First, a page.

4 min read
Exclusive: The Home Office has emailed MPs telling them they will no longer provide updates on Ukrainian refugee visa cases despite people being left stranded for weeks while they try to reach the UK.
Refugee sponsors in the UK have criticised the Home Office after some MPs were asked to “not chase” its immigration team for updates about visa applications for Ukrainian refugees.
People fleeing Ukraine can be granted a visa to live in the UK via two schemes. One allows Ukrainians with family members in the UK to come to the country, while the second, Homes for Ukraine, allows someone without family links to be matched with a UK sponsor.
But the Home Office has faced widespread criticism that the Homes for Ukraine scheme has been beset by delays and technical problems.
In an email seen by PoliticsHome, Home Office officials tell MPs seeking updates on visa applications connected to their constituents that their case is “one of many thousands submitted to one of the fastest and largest visa programmes in UK history” and refused to provide individual updates.
“Due to the volume of correspondence we are currently receiving, we will not be able to provide you with further interim updates, so we would be grateful if you do not chase your enquiry further,” the email added.
The email stated that Home Office staff are working “seven days a week” to process Ukrainian refugee cases, and that applications would be processed in date order from when they were uploaded digitally, or when someone had attended a visa application centre.
But one sponsor, who has sought the assistance of their MP with a delayed application, accused the Home Office of “lying” about the process and said some applications have now been stalled for more than three weeks.
“They are lying. We have been waiting for weeks for an update and the only way to get any information is for our MP to chase them,” they told PoliticsHome.
“I am absolutely furious that the Home Office is now telling MPs to stop bothering them. The entire department is morally bankrupt.”
A Home Office spokesperson did not dispute that the email had been sent to MPs, and insisted that officials were working to “speed up visa processing across both schemes”.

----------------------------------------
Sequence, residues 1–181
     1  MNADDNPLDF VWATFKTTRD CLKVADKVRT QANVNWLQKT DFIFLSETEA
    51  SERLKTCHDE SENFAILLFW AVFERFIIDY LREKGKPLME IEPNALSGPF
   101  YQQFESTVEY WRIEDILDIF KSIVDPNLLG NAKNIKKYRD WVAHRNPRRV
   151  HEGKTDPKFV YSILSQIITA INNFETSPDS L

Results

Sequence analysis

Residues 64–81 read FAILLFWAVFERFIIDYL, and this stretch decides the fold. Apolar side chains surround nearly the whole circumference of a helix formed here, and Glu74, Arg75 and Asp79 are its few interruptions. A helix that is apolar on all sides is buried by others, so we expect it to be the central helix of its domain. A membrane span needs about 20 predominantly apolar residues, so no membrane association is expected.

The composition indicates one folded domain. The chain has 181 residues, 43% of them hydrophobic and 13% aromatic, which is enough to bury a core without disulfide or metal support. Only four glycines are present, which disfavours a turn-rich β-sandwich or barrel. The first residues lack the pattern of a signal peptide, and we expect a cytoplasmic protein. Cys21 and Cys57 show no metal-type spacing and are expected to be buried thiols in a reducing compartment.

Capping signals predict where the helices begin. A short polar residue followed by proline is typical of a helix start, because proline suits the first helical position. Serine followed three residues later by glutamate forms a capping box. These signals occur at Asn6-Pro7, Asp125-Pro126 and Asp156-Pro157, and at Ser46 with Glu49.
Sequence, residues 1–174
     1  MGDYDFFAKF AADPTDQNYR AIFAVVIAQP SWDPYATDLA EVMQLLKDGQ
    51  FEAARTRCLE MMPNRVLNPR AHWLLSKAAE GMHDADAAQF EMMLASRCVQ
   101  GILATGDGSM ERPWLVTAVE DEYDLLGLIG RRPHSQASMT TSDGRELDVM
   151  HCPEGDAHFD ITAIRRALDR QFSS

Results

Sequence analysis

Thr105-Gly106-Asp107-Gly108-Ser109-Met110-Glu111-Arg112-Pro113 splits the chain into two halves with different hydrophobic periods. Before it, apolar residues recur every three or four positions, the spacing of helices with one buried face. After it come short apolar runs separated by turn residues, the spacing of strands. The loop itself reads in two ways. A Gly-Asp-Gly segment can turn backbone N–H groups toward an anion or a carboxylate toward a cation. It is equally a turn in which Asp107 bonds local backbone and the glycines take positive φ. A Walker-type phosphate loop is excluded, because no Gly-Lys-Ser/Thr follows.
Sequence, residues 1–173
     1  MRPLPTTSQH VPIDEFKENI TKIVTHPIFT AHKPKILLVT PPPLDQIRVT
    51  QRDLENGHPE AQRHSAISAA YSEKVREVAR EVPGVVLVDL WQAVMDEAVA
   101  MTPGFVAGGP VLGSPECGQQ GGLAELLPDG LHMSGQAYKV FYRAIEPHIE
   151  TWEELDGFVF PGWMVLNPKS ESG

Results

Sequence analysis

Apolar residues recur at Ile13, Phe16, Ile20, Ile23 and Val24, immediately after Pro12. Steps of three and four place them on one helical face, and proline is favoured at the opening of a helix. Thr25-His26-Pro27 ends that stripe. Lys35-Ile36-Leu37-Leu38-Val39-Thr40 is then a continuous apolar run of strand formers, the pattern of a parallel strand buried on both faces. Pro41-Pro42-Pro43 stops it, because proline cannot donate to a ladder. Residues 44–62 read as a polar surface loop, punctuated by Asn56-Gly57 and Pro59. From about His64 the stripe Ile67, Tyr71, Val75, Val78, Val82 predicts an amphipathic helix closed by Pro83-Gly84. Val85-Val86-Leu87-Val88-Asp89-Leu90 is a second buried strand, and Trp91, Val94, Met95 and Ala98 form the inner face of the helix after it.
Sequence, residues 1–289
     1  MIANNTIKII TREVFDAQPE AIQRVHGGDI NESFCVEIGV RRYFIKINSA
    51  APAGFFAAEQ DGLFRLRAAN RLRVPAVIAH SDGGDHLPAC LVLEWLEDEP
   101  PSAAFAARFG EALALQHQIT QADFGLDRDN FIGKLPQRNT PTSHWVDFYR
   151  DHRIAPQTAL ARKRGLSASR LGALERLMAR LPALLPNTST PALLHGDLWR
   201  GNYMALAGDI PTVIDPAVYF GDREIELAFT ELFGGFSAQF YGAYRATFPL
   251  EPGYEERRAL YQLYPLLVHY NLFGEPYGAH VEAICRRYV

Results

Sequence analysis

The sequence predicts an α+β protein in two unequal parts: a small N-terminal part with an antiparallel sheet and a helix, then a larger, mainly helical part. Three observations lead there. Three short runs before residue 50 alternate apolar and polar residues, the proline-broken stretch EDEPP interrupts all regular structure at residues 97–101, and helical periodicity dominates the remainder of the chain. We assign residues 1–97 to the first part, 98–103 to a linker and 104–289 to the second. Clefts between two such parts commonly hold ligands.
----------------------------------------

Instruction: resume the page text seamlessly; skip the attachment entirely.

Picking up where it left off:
A caseworker for a London MP said they had received the email and had previously received similar responses when trying to get updates on immigration cases not related to the Ukraine crisis, including for Afghan refugees.
“It’s been a bit of a nightmare getting responses back,” they added.Earlier this month, refugees minister Richard Harrington admitted the rollout of the scheme had been “embarrassing” and said it was “not acceptable” that some had waited ten days for responses.
But PoliticsHome has received information about visa cases which have been delayed for several weeks, with some refugee families trapped in Ukraine as they wait for a Home Office response.
Sponsors said they had become “dependent” on their MP to provide updates through a dedicated hotline made available to check the status of cases.
Tom, a sponsor from Yorkshire, said the Home Office had failed to protect vulnerable refugees trying to come to the UK and were now “fobbing off” MPs who were trying to access “basic information”.
“This is a national disgrace. They could have put up a simple tracker online so we could be informed of the progress of our applications.
“Instead they botched together a broken system that has left refugees trapped in their bomb shelters while the Home Office helpline for sponsors refuses to give us updates because they claim they can’t even access their own systems.
He added: “Now they won’t even let MPs ask for basic information because they are so utterly incompetent that they can’t get a simple website to work.”
A government spokesperson said: “In response to Putin’s barbaric invasion we have launched one of the fastest and biggest visa schemes in UK history. In just four weeks, over 40,000 visas have been issued so people can rebuild their lives in the UK through the Ukraine Family Scheme and Homes for Ukraine.
“We are continuing to speed up visa processing across both schemes, including boosting caseworkers and simplifying the forms and we expect thousands more to come through these uncapped routes.”
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